A woman who suffered from Chron's disease died after an Arizona hospital did not give her a CT scan for 10 hours after she came to the emergency room, apparently because the hospital was short of staff. The woman had a perforation of her bowel, a serious condition that requires prompt diagnosis and treatment.
Her widowed husband, on behalf of himself and his children, sued the hospital and several of the doctors who treated his late wife for wrongful death, claiming in essence that their failure to diagnose and failure to provide treatment for his wife's condition caused her to die unnecessarily.
Presumably, a prompt CT scan would have saved the woman's life. However, the technician operating the CT machine was out sick that day, and the hospital had no protocol for contacting backup. Also, there was only one on-call surgeon for the entire hospital when the woman arrived, and the lack of additional available surgeons delayed her treatment.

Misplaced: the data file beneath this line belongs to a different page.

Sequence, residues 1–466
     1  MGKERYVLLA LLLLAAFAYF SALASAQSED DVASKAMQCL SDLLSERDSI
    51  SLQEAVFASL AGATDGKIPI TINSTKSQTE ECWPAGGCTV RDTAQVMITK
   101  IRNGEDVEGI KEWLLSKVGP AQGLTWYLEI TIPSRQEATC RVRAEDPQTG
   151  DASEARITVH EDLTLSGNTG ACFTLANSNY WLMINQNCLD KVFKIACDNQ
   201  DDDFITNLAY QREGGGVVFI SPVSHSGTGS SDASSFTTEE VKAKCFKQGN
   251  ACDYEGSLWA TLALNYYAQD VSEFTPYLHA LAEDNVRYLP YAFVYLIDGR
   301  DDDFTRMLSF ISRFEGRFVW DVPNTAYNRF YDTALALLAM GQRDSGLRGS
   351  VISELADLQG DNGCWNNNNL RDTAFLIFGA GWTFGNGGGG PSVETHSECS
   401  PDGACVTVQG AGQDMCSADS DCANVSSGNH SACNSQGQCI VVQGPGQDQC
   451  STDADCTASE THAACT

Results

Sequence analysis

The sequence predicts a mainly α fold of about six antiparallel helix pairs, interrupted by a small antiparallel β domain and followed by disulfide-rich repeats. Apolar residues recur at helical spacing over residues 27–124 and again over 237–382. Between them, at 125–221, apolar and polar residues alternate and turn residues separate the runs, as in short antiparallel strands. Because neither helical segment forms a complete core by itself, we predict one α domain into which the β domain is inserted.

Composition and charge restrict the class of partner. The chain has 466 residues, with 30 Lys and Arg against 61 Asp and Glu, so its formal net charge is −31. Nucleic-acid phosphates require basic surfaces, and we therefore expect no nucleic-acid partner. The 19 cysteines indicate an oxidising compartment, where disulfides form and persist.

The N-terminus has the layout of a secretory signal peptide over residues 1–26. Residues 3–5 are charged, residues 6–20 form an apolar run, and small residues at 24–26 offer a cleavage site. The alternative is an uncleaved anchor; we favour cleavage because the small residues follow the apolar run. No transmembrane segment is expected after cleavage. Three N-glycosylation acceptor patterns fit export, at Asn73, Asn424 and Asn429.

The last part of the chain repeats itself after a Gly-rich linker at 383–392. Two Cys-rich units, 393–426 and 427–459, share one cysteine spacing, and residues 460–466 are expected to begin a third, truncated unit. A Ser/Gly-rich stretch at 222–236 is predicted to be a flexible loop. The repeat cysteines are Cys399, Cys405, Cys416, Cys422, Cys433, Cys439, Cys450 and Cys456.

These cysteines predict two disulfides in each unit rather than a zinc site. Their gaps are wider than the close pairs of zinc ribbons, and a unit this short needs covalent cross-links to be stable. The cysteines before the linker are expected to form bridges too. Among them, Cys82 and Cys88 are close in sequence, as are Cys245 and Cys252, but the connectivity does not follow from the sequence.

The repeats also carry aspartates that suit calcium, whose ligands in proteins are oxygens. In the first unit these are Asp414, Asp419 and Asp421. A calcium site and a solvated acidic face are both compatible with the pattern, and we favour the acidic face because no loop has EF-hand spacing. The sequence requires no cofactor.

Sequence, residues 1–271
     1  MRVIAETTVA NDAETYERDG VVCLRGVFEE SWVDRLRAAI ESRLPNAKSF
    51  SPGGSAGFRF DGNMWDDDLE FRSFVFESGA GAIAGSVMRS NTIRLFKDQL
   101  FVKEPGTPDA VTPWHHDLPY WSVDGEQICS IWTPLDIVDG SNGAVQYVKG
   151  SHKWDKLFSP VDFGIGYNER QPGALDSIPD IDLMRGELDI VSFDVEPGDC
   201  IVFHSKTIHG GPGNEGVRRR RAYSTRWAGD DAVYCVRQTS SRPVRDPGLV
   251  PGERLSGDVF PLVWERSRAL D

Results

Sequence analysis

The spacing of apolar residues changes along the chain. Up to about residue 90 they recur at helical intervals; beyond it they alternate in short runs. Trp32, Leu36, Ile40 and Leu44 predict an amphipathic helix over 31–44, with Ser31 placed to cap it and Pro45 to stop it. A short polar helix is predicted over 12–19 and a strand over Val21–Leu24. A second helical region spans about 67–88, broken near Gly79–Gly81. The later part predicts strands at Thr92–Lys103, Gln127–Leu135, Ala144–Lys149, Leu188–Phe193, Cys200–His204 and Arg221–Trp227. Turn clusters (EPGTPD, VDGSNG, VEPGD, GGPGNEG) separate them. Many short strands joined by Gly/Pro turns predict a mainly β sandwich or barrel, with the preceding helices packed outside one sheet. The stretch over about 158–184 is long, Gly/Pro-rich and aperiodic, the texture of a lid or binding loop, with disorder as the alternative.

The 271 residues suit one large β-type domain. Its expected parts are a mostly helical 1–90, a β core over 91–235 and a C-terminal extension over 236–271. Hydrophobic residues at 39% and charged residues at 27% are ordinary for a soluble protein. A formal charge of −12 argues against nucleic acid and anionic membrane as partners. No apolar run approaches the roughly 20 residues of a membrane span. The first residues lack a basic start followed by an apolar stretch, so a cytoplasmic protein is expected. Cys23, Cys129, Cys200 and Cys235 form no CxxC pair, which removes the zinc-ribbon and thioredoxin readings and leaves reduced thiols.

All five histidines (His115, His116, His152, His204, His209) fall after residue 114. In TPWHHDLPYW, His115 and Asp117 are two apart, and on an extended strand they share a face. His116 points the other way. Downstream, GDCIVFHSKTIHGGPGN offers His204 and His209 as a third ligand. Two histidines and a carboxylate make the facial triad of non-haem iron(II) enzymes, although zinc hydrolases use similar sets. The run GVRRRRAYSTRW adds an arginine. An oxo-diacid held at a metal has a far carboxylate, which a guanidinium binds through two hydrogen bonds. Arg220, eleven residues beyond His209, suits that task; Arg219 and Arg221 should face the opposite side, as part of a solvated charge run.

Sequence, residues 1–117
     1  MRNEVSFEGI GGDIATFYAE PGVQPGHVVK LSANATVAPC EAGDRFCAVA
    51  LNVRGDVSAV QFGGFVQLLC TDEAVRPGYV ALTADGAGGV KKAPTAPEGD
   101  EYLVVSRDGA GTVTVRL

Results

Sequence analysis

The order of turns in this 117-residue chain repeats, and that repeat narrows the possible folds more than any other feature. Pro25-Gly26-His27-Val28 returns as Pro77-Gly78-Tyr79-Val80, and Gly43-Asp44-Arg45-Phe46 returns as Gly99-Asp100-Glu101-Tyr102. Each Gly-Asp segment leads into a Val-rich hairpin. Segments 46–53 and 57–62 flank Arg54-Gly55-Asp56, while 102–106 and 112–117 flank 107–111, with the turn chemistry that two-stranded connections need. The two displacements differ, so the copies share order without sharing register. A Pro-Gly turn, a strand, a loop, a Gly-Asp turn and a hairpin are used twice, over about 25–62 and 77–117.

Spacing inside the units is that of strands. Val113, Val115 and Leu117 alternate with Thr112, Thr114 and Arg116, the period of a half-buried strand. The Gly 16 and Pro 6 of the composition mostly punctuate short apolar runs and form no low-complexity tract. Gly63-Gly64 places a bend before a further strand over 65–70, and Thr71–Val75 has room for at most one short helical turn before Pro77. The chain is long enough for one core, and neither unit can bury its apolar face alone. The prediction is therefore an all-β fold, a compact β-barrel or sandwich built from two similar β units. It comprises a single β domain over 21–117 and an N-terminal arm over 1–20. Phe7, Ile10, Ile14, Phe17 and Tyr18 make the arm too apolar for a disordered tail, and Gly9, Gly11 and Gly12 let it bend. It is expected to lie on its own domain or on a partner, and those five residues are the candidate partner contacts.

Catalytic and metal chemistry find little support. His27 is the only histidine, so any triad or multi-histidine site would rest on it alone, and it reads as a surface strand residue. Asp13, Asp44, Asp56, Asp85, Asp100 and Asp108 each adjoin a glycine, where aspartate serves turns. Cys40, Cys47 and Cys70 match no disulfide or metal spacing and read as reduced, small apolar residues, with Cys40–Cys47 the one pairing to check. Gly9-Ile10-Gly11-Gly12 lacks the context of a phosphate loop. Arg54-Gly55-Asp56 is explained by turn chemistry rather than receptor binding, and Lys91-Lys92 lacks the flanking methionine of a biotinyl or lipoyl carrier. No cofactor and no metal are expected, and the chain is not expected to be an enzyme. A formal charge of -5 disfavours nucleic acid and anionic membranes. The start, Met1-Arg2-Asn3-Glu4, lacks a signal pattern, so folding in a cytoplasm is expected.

Although the hospital initially claimed that it bore no direct responsibility for the woman's death because the doctors were not hospital employees, the hospital and two of the treating physicians settled the case for an unspecified amount. One doctor, who treated the woman initially when she came to the emergency room, took his case to trial. The jury found him 5 percent at fault for the woman's death, possibly because he had ordered an immediate CT scan.
While hospitals can be busy places with relatively few staff to meet emergent patient needs, the hospital and the treating physicians still have an obligation to provide an appropriate and timely diagnosis and treatment to a patient. If they fail to do so, then they may have to pay compensation on account of their medical negligence. For both doctors and the hospitals in which they work, the upshot is that medical providers need to ensure that they have sufficient staff to cover the needs of all of their patients at all times.
Source: Outpatient Surgery, "$5.9M verdict for fatal bowel perforation," David Bernard, Nov. 29, 2012.